Perhaps you’ve heard about all of the hullabaloo going on in Indiana over a new law that the Governor there signed this past week.  Now Celebrities and National Politicians are getting involved.  Democrat Senator Chuck Schumer’s Twitter Page has been quite active in retweeting condemnations of the new law.  Presumptive Democratic Front Runner Hillary Clinton had this to say:

Sad this new Indiana law can happen in America today. We shouldn’t discriminate against ppl bc of who they love.

 Ashton Kutcher, Miley Cyrus, and many other celebrities are being quite vocal in their condemnation of this new law.  Even the Indiana Pacers felt it necessary to have a press release on the new law.  And now companies are getting involved.  Salesforce CEO Marc Benioff has been very adamant over his condemnation, and has started calls for boycotting Indiana over this new law.  Leadership in other companies including Apple, and Yelp are also putting in their two cents. condemning the law as discriminatory.

So what’s the  problem with all of these people coming out against this new law?  Well, hypocrisy of course.

First off, I would be willing to bet quite a bit of money that none of the people I mentioned above have actually read the new law.  You can read the entire law here.  The part that people appear to be having a problem with is this text:

Government may burden a person’s exercise of religion only if it demonstrates that application of the burden to the person —

(1) furthers a compelling governmental interest; and

(2) is the least restrictive means of furthering that compelling governmental interest.

Oops.  I’m sorry.  That is part of the Federal Religious Freedom Restoration Act signed into law back in 1993.  Here’s the text from the Indiana law:

A governmental entity may substantially burden a person’s exercise of religion only if the governmental entity demonstrates that application of the burden to the person: (1) is in furtherance of a compelling governmental interest; and (2) is the least restrictive means of furthering that compelling governmental interest.

Seems almost identical.  In fact, the Indiana law is largely based on the Federal law.  Yet many people are being vocal about the Indiana law, but mum about the Federal Law.  I ask – why?

Do you remember the aforementioned esteemed Senator Schumer from New York who does not like the Indiana law?  It turns out that he was actually the main sponsor of the Federal Religious Freedom Restoration Act back in 1993, which passed both houses with almost unanimous majorities.  And Hillary Clinton?  Her husband, President Bill Clinton at the time, signed the bill into law and was very supportive of it (you can see a lovely picture of him signing it, with Senator Schumer looking over his shoulder at the link).

What this law basically says is that the Government should be held to a very high level of proof before it interferes with someone’s free exercise of religion. This judgment is shared by the people of the United States as well as by the Congress. We believe strongly that we can never, we can never be too vigilant in this work.

It was signed specifically to protect Religious Freedom from Government intervention.  Which is exactly why the Indiana law was passed.  But Hillary didn’t just support her Husband and this 1993 law (which she does in her book, “It Takes a Village”).  In 2005 as Senator Clinton, she supported the “Workplace Religious Freedom Act.” which was co-sponsored by amazingly unlikely allies John Kerry, and Rick Santorum.  It was designed to protect the religious freedoms of employees from employers, but has yet to be passed into law.  So why is she against the Indiana Law again?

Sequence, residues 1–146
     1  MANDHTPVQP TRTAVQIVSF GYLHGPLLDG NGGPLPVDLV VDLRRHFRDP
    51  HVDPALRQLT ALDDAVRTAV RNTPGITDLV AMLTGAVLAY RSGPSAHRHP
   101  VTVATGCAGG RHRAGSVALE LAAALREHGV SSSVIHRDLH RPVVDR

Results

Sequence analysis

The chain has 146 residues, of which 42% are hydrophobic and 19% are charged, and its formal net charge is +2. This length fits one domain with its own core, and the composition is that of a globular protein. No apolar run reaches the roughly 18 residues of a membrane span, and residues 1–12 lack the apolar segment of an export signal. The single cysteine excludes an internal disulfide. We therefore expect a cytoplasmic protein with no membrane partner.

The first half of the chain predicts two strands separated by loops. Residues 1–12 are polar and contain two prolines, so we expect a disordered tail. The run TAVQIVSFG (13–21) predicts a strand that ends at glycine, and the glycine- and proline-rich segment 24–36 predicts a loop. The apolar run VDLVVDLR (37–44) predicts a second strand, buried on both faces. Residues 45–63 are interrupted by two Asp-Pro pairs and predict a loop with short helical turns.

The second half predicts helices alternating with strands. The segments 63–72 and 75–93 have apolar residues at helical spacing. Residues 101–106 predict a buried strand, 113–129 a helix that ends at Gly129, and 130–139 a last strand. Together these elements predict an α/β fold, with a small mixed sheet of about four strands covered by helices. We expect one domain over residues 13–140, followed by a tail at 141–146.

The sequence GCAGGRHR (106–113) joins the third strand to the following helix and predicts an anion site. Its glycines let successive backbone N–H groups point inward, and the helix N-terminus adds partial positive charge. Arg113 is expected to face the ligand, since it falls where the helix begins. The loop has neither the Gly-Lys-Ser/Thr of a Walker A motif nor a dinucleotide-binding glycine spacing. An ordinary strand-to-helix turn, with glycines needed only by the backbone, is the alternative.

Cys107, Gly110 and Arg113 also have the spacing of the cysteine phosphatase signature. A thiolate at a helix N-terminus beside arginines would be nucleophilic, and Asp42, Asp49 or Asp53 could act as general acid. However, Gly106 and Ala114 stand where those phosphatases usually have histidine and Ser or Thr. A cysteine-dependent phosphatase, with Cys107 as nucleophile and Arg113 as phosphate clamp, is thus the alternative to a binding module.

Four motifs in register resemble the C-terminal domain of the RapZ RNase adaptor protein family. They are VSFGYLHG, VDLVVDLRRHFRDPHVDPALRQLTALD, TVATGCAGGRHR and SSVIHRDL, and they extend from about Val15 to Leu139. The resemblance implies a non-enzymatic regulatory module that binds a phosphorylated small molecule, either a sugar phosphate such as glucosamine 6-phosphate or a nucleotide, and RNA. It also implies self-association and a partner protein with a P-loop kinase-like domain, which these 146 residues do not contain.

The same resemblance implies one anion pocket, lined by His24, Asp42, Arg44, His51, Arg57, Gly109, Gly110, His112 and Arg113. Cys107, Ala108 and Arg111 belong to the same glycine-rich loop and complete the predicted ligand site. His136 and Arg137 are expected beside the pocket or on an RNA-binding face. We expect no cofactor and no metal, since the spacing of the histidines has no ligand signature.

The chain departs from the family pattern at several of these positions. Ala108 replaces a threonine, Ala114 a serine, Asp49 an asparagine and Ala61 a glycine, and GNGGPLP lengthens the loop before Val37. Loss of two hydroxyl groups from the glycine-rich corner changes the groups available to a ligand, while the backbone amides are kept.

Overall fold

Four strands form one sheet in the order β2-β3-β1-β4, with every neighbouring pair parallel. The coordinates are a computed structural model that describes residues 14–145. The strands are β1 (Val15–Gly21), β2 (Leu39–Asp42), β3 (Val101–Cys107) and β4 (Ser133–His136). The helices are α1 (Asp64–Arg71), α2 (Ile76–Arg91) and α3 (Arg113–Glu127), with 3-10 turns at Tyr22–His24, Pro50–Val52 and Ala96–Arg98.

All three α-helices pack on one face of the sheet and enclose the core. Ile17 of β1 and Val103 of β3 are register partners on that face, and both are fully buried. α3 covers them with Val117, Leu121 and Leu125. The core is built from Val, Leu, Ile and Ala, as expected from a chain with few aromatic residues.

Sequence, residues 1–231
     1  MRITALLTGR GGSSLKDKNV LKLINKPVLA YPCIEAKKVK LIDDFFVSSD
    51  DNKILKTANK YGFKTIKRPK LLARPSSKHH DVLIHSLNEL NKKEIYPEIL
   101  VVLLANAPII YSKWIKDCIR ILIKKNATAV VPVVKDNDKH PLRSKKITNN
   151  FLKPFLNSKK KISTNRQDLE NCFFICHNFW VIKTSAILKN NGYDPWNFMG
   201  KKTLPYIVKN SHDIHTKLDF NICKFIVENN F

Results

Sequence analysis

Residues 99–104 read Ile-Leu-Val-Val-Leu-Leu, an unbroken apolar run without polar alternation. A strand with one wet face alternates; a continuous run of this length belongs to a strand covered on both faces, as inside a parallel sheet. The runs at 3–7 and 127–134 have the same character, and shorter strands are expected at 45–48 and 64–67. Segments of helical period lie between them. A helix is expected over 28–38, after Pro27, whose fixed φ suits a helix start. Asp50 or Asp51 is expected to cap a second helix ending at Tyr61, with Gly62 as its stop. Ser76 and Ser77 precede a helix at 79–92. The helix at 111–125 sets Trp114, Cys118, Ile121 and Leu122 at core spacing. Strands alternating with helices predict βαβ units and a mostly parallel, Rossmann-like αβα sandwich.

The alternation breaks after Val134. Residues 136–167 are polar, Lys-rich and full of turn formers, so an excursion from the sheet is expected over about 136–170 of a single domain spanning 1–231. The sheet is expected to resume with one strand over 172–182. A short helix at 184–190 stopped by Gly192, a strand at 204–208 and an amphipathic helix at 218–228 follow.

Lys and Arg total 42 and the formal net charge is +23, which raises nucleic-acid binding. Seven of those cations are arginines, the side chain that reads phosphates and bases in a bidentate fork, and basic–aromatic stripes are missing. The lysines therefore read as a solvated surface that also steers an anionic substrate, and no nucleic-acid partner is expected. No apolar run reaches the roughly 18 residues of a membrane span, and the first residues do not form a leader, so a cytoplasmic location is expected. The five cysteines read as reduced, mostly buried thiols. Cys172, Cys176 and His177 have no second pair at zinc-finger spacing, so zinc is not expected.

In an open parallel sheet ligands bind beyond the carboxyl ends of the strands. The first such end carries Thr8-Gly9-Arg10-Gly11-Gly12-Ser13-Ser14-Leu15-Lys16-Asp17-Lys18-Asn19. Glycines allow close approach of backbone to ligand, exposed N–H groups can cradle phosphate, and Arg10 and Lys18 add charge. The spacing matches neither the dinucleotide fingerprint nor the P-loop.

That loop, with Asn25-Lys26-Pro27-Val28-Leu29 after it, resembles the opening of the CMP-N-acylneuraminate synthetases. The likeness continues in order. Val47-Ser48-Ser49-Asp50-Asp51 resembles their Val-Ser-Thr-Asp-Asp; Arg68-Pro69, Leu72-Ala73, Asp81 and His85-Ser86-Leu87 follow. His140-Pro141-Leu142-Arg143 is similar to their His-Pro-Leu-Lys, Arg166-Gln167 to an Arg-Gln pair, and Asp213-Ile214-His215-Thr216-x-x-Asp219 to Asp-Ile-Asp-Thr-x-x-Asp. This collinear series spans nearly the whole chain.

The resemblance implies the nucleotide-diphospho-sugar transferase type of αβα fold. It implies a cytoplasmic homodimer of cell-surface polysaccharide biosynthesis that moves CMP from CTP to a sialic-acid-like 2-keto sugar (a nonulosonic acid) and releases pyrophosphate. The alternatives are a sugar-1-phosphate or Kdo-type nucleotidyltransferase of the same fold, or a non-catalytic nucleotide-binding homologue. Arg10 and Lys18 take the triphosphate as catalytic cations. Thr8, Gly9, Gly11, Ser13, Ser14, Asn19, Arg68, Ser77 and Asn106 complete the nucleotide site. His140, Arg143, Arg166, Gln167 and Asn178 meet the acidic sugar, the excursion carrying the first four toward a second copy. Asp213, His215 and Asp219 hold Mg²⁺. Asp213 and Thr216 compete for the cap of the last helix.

Legally there is virtually no difference between the Federal Law and Indiana’s law except that it applies specifically to that State and its government instead of the /Federal Government.  And Indiana isn’t alone in this type of law.  19 other states already have RFRA laws on the books, all based on the Federal law.  Why is nobody calling for boycotts on those other states?

So why shouldn’t CEO’s of companies like Salesforce, and Apple condemn the Indiana law, and call for boycotts?  They do billions of dollars of business in China.  China, which is not only a religious freedom nightmare, but it is also a place where there are no laws protecting against homosexual discrimination, that does not recognize gay marriage, civil unions or anything close to it, and where it is illegal for homosexual couples to adopt.

Whether or not you support the law, I guess all I’m saying is that these people and organizations need to think before they open their mouths.

Technical stuff

Hi. I’m sorry I let the blog technically malfunction so often and for so long. Working on fixing it. I just wanted to explain where I am stuck right now.

  • I think I have restored the author writing tools to working order.
  • Something I did broke the registration form completely. At one point I was able to register a new account for myself, but now it;s broken again. Still working on that.
  • Comment form now has a 90% working editor. The link button does not pop up and become useful yet. Something in the customization from the redesign ages go is interfering between the preview and the link buttons.

I don’t have a ton of time to devote to this, so if I can’t get it working soon, the odds are that I will scrap the entire design and all customization and install a new wordpress theme and enough plugins to get it working, then turn it over to Hal and Alex or whoever we all decide is a good technical admin. Fingers crossed that I can find the frigging cuplrit. It’s something in the AJAX vs JQuery stuff. I hate blog software.

*EDITED TO ADD*

I do not know what the fuck is going on here and to be honest I can’t devote the time or money to fix it. Everything I tried broke something else and when I tried to put it back the way it was I broke the entire site. Hence this new blank template. I’m ready to turn this over to someone else and see if they can fix it and get things running in a useful way.

In the last ten minutes I have had 5 6 emails telling me new users registered. ALL SPAMMERS. Registration has been turned off for now.

I’m not going to deal with this for very long, so y’all need to decide fairly quickly what is going to happen to this blog. I’m pretty much done. I’ll work with someone to hand it over. I can still host. I just cannot work on it.